global players on climate change

Raisan Alfarisi/Antara

Indonesia can become a significant global player in tackling the climate crisis if it optimises the work of protecting and rehabilitating forests. This is because the country is home to Asia’s largest tropical forest.

Protection and rehabilitation strategies in forestry and land use are known as nature-based solutions to climate change. These practices are proven to be effective. In Indonesia, these strategies could reduce 60% of the entire nation’s carbon emissions.

However, the Indonesian government still spends most its climate budget on the energy and transportation sector, accounting for US$236.2 billion or 95.51% of the total. It allocates less than 3% to the forestry and land use sector.

As an ecology researcher, I suggest the government allocate a bigger budget to two nature-based solutions that could effectively mitigate climate impacts.

1. Promote sustainable agriculture

Being the second-largest contributor to the Indonesian economy, agriculture remains the most pressing factor in tropical deforestation in the country.

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From 2000 to 2009, agriculture was responsible for 66% of the country’s deforestation. This indicated Indonesia’s sustainable agriculture policy was not well implemented.

The agriculture sector should be focused on meeting the nation’s demand with strict sustainable policy. Excessive agricultural expansion must stop.

To do that, we could learn from the Netherlands – the world’s pioneer in sustainable farming. They optimised hydroponic systems to produce more products while using less water and land. This farming system does not require conventional components such as synthetic chemical fertilisers and extensive irrigation.

The government also needs to focus on enhancing farmers’ digital literacy and to invest in supporting infrastructure.

Digital agriculture could become a solution to improve the sustainability of agriculture.

2. Protect the pristine and restore degraded ecosystems

Reforestation often works naturally – as long as human perturbations, such as fires and land use, are minimal.

However, forest restoration is facing many challenges.

Indonesia still has significant illegal deforestation in natural forest. The country is the most significant global producer of illegal timber. This makes the restoration effort much slower than the rate of forest loss.

Meanwhile, peat forest restoration is still far below target (by 45%). Fires also have led to the failure of peat forest restoration in some areas.

The government should reformulate its strategies so forest restoration and protection can be done effectively and efficiently.

First, degraded land and disconnected forest should be made priority areas for restoration to improve habitat connectivity. A vital factor is accurate ecosystem data.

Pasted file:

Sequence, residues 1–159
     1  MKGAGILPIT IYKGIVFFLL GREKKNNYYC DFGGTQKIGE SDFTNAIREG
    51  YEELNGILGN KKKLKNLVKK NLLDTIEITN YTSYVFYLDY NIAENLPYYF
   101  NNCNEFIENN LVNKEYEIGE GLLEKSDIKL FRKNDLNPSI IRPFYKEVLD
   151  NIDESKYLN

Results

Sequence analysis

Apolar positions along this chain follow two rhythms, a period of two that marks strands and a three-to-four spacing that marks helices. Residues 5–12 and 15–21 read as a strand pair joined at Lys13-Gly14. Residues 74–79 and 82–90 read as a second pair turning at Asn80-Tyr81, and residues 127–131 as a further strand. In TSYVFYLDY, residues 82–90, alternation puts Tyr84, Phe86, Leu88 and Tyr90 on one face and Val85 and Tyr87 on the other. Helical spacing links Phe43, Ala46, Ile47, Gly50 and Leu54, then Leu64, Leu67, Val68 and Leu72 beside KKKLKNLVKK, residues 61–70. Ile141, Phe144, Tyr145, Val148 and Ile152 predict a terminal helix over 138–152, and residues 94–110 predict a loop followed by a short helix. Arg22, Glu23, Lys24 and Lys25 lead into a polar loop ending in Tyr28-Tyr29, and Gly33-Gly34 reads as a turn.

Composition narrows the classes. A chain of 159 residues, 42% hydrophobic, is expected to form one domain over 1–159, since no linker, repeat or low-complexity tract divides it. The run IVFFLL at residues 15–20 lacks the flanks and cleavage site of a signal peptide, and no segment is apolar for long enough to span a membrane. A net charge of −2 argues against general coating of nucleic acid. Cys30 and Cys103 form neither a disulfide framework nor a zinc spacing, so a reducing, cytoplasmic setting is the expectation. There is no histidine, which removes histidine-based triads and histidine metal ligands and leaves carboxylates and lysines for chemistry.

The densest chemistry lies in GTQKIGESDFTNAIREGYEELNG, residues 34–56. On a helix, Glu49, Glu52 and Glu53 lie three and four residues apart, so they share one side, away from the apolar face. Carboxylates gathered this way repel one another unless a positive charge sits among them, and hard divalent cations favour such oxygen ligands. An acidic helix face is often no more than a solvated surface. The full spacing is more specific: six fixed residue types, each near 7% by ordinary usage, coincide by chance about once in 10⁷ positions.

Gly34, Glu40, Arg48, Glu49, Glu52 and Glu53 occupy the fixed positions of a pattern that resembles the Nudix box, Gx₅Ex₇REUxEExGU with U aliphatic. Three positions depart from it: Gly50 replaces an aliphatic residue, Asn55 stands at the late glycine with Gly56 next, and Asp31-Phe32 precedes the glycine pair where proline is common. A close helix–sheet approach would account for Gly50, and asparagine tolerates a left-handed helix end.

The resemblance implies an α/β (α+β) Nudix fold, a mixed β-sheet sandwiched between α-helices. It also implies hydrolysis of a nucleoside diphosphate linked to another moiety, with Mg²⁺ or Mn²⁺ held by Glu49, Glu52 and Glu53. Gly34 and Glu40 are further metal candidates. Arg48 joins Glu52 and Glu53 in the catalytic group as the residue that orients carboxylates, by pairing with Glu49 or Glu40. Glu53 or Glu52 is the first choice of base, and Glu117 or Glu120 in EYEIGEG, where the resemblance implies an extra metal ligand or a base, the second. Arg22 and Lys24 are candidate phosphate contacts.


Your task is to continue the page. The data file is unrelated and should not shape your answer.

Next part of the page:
Second, the government could optimise community-based rehabilitation by offering incentives to targeted communities.

For example, in South Tapanuli, North Sumatra, the local community will get an incentive for restoring forest. They also can harvest sustainable forest products as a source of income.

A 2017 study by ecological researchers from The University of Queensland has shown that Hutan Desa (village forest) management has successfully avoided overall deforestation. Village forest is defined as community management of forest given by the government to protect the forest as well as improve village welfare.

To protect the larger ecosystem, the government should strengthen the protection of key biodiversity areas.

Indonesia is recognised as one of 17 countries with “mega biodiversity”. It has 493 Key Biodiversity Areas (KBAs) covering 344,003km². But only about 5.3% of them (26 KBAs) are designated as Protected Areas (from human perturbations).

Start to work with nature, now

There is no silver bullet that could solve the climate crisis at once.

By following the mitigation and conservation hierarchy – a step-by-step framework set by a global team of scientists to guide implementation of specific actions – reversing climate trends is possible.

For example, to stop environmental damage caused by palm oil plantations, the government’s first step should be to end new permits in old-growth forest.

This policy should be followed by adhering to best practice in growing and harvesting palm oil, such as limiting heavy machinery in the extraction process, to prevent further damage.

The next step is to remediate biodiversity loss by replanting cleared areas of the forest within palm oil sites. This can happen on plantation roads.

And the final step is to offset the forest loss by replanting degraded areas near the site.

Collaboration between the government, local communities and corporations is vital to ensure sustainability.

We need to work fast, since time is running out.The Conversation

About The Author

Mukhlish Jamal Musa Holle, Teaching staff in Ecology and Conservation, Universitas Gadjah Mada

This article is republished from The Conversation under a Creative Commons license. Read the original article.


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